Anti-Scam Centre recovers over $21.2m from cases such as love scams and bogus e-commerce dealings

The Singapore Police Force's Anti-Scam Centre has handled more than 8,600 scam reports in the one year since its establishment.
The Singapore Police Force's Anti-Scam Centre has handled more than 8,600 scam reports in the one year since its establishment.PHOTO: LIANHE ZAOBAO

SINGAPORE - A Korean boyfriend working as a doctor in a Malaysian hospital in dire need of help. A mysterious, swoon-worthy American-Chinese man sending expensive gifts from abroad. And closer to home: the promise of undying love after a romantic, whirlwind proposal from an eligible Malaysian bachelor.

These are not cliches from soap operas, but stories of profiles carefully crafted by online scammers to trick gullible women into parting with not only months of their time and affection, but also their money.

What these cases also have in common is that they were all cracked by the Singapore Police Force's Anti-Scam Centre (ASC) - which has handled more than 8,600 scam reports in the one year since its establishment.

The ASC has also frozen more than 6,100 bank accounts and recovered more than $21.2 million that scammers based both locally and internationally might have otherwise made off with.

This amount recovered is equivalent to around 40 per cent of some $52 million in funds that scammers attempted to pilfer in the cases that the ASC has handled since it started operating on June 18, 2019.

The remaining 60 per cent of funds has not been recovered.

"These results affirm the close partnership between the police and our stakeholders, and that fighting scams is a community effort," said Deputy Assistant Commissioner Aileen Yap, assistant director of the specialised commercial crime division at the Commercial Affairs Department.

Some of the methods ASC has used to stop scammers in their tracks include an automated system that can log and transmit information on scams and scammers in real time, coupled with its cooperation with banks to promptly freeze accounts and retrieve bank account holders' particulars whenever unusual transactions are detected.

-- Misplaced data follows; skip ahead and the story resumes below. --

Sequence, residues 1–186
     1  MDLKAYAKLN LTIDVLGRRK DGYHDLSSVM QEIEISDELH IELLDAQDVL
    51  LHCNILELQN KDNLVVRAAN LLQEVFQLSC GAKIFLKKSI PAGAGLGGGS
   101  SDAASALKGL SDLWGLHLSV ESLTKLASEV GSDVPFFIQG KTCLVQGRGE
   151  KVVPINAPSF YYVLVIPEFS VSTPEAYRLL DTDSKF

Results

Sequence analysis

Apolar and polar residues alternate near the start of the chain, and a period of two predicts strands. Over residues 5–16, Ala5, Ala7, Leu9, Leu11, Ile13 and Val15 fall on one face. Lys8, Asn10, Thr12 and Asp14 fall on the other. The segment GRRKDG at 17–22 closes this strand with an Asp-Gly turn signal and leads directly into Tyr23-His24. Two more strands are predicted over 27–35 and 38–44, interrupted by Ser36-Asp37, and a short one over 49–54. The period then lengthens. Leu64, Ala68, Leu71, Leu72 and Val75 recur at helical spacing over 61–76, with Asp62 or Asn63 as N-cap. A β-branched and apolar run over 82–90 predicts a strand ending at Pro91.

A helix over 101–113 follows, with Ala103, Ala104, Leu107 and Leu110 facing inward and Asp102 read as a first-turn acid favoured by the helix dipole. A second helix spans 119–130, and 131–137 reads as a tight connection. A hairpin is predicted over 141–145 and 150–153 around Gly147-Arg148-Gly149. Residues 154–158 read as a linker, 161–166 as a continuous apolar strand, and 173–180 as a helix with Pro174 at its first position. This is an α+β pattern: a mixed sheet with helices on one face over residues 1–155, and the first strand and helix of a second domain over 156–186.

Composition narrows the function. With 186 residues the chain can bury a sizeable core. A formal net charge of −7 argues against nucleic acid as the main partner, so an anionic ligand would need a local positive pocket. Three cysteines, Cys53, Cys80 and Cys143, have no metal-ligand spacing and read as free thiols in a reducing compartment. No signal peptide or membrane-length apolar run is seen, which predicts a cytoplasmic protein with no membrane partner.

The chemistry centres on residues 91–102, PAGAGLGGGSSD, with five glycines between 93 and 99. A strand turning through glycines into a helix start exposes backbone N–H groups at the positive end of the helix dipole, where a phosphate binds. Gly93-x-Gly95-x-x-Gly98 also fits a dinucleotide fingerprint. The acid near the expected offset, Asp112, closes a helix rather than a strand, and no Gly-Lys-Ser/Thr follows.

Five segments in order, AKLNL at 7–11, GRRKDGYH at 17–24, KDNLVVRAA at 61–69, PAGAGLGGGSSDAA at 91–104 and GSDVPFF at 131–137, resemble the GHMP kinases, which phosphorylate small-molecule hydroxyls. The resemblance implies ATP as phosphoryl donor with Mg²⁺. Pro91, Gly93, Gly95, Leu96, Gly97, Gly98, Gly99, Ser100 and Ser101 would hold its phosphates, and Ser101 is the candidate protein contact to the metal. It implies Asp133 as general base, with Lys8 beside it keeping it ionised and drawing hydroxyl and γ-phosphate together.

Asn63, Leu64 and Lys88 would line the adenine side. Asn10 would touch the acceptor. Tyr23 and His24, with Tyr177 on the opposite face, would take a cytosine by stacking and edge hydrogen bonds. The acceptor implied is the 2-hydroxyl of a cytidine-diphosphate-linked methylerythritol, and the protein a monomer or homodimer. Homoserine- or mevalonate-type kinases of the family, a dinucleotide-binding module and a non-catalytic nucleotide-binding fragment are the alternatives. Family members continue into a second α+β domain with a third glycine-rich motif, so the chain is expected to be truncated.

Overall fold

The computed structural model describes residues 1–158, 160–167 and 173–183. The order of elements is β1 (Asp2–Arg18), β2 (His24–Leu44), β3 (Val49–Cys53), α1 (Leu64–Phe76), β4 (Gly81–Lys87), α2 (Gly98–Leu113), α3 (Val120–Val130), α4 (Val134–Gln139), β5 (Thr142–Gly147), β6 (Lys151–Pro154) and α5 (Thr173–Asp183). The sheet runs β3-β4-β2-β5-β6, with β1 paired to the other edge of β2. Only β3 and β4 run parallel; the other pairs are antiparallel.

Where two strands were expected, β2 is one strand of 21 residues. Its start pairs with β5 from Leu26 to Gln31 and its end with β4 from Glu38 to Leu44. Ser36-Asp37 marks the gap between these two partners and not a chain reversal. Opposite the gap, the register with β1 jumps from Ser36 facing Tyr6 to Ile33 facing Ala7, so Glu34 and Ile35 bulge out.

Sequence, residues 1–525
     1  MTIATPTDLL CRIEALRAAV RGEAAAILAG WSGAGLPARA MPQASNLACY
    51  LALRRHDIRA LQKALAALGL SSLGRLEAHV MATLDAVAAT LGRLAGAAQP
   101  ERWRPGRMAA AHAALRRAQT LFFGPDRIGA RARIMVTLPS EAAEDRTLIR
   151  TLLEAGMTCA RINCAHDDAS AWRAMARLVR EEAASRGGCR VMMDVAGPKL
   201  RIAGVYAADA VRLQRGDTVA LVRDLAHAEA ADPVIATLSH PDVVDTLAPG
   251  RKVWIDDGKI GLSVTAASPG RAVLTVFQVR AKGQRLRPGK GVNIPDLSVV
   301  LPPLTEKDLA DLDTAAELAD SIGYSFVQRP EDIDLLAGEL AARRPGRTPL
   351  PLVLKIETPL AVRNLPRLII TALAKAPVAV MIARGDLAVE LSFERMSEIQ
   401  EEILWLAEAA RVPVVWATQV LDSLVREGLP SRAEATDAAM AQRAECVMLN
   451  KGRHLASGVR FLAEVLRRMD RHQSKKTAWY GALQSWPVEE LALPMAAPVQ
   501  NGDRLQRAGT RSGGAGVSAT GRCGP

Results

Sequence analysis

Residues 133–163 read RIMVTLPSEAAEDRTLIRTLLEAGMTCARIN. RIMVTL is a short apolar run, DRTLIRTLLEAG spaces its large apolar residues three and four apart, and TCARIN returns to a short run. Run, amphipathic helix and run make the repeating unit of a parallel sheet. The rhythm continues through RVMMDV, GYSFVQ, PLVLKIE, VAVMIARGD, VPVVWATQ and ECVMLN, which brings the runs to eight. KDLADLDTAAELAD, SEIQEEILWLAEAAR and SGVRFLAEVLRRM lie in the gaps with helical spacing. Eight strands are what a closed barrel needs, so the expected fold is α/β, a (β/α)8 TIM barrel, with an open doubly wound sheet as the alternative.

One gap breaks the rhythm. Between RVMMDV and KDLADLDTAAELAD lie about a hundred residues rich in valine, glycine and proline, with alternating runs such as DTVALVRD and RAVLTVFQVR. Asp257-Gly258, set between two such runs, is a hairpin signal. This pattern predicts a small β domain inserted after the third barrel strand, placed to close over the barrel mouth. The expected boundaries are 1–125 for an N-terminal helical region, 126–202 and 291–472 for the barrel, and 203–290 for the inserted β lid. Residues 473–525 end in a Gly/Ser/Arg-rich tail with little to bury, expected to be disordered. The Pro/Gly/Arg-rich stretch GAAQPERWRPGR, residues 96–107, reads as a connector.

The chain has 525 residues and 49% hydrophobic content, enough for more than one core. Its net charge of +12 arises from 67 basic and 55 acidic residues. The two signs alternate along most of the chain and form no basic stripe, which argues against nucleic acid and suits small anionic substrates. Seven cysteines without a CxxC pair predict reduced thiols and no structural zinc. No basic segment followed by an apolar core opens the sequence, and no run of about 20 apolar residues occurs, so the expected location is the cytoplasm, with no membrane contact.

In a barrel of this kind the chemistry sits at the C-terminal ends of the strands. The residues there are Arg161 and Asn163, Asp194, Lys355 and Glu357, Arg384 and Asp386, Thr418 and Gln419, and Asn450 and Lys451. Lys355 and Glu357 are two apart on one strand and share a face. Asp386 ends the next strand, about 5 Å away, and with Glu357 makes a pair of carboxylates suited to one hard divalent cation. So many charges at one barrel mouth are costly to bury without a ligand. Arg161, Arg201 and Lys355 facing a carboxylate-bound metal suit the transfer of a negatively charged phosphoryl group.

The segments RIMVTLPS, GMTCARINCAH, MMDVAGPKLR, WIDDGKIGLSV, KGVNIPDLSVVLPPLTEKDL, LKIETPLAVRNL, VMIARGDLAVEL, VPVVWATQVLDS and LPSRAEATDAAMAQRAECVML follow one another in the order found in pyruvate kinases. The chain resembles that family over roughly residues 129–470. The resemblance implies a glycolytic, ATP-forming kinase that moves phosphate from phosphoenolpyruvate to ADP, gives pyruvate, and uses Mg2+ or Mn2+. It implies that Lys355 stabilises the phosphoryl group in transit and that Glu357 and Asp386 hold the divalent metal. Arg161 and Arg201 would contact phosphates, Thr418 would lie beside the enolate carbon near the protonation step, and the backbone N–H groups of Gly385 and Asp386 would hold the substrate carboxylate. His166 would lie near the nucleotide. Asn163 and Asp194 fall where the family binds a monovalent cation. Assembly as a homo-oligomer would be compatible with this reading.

This network of 11 banks that the ASC works with includes DBS, OCBC and United Overseas Bank. The help of banks resulted in the centre being able to nab a 39-year-old man involved in a massive e-commerce scam in mid-March, that involved the bogus sale of surgical masks and hand sanitisers.

The scam involved a French pharmaceutical company that was deceived into transferring around €6.64 million (S$10.7 million) to a Singapore bank account to pay for a large shipment of surgical masks and hand sanitisers.

The ASC managed to retrieve more than $6.4 million worth of funds on the same day, its biggest recovery so far.

Around $5.3 million worth of scammed monies were recovered by UOB, which was alerted to the transaction at around 7am on March 14. Within minutes, the bank managed to trace and freeze the scammer's account.

 
 
 

Mr Richard Soh, head of investigation at UOB's integrated fraud management department, said that scammers now pose a bigger threat, as they have developed sophisticated methods to both conduct the scam and cover their tracks.

For instance, one syndicate might have multiple accounts to withdraw money from and various money outflows, making them harder to detect.

"As much as the information we gather from the police is valuable, we also try to go further within a limited period of time to establish the network of scammers.

"We also use technology on our end to pinpoint scammers in a timely way - and we rely greatly as well on the experience of our team to investigate these financial crimes," said Mr Soh.

The agency also works to intercept and disrupt scammers by collaborating with telcos like Singtel, StarHub, and M1 to terminate mobile lines, with 1,500 local lines suspected to be used by scammers being terminated between January and June this year.

As for love scams, the ASC has also managed on multiple occasions to foil some within a day of the cases coming to its attention.

An example was a case involving three women that the ASC was alerted to on June 17 this year.

Two of the women - a 58-year-old known as Ms Tan and a 50-year-old known as Ms Lim - were attempting to transfer $3,500 and $2,300 respectively to help their online lovers pay off "customs charges" for the gifts they were supposedly being sent.

 
 
 

Ms Tan thought that she was receiving a present from abroad from an American-born Chinese online lover, but it was really a scammer using pictures of a Korean man that were stolen off a public Instagram profile.

A 38-year-old woman known as Ms Koh had also been duped into being a money mule for the same syndicate - receiving and transferring monies on behalf of the scammers.

Ms Koh ended up remitting around $5,300, that had been deposited into her account from unknown sources, to an overseas bank account on behalf of the scammer.

She was convinced that she was helping to accept and transfer money to her "Korean doctor boyfriend" working in a Malaysian hospital and in urgent need of money due to various fictitious mishaps during the Covid-19 pandemic.

The ASC managed to recover the $2,300 transferred by Ms Lim, and also managed to talk the other women out of giving the scammers more cash.

Though the case was cracked within a day, the time and energy involved in the months that scammers set aside just to cultivate these false personas and deepen their bogus relationships with their victims represents a shift in potential scam tactics that could be studied, said the ASC's investigators.

"Moving forward, the ASC will continue to strengthen our detection capabilities, as well as enhance our collaboration with more stakeholders and foreign law enforcement agencies, to disrupt scammers' operations and mitigate victims' losses," Deputy Assistant Commissioner Yap said.